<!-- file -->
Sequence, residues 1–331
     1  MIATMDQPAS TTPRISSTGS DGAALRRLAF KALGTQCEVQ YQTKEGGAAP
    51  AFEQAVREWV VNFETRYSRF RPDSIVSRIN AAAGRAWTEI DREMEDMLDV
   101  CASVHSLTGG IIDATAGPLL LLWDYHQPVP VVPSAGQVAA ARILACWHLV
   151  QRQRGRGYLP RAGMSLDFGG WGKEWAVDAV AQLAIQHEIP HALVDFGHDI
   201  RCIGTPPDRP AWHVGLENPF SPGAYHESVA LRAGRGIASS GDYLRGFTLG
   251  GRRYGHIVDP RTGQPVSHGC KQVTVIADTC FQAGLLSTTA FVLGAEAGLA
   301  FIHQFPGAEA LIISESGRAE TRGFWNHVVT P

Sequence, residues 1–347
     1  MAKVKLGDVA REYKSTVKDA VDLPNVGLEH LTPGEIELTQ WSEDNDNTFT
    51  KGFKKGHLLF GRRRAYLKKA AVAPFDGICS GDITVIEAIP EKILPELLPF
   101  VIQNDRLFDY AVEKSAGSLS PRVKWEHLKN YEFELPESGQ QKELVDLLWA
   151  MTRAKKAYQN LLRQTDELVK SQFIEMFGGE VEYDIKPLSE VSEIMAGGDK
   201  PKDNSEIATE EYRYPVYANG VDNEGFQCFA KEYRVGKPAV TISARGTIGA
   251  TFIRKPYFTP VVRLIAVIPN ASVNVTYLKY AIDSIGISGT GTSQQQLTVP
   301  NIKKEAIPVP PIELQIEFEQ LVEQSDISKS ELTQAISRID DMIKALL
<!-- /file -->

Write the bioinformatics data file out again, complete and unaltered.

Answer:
Sequence, residues 1–331
     1  MIATMDQPAS TTPRISSTGS DGAALRRLAF KALGTQCEVQ YQTKEGGAAP
    51  AFEQAVREWV VNFETRYSRF RPDSIVSRIN AAAGRAWTEI DREMEDMLDV
   101  CASVHSLTGG IIDATAGPLL LLWDYHQPVP VVPSAGQVAA ARILACWHLV
   151  QRQRGRGYLP RAGMSLDFGG WGKEWAVDAV AQLAIQHEIP HALVDFGHDI
   201  RCIGTPPDRP AWHVGLENPF SPGAYHESVA LRAGRGIASS GDYLRGFTLG
   251  GRRYGHIVDP RTGQPVSHGC KQVTVIADTC FQAGLLSTTA FVLGAEAGLA
   301  FIHQFPGAEA LIISESGRAE TRGFWNHVVT P

Sequence, residues 1–347
     1  MAKVKLGDVA REYKSTVKDA VDLPNVGLEH LTPGEIELTQ WSEDNDNTFT
    51  KGFKKGHLLF GRRRAYLKKA AVAPFDGICS GDITVIEAIP EKILPELLPF
   101  VIQNDRLFDY AVEKSAGSLS PRVKWEHLKN YEFELPESGQ QKELVDLLWA
   151  MTRAKKAYQN LLRQTDELVK SQFIEMFGGE VEYDIKPLSE VSEIMAGGDK
   201  PKDNSEIATE EYRYPVYANG VDNEGFQCFA KEYRVGKPAV TISARGTIGA
   251  TFIRKPYFTP VVRLIAVIPN ASVNVTYLKY AIDSIGISGT GTSQQQLTVP
   301  NIKKEAIPVP PIELQIEFEQ LVEQSDISKS ELTQAISRID DMIKALL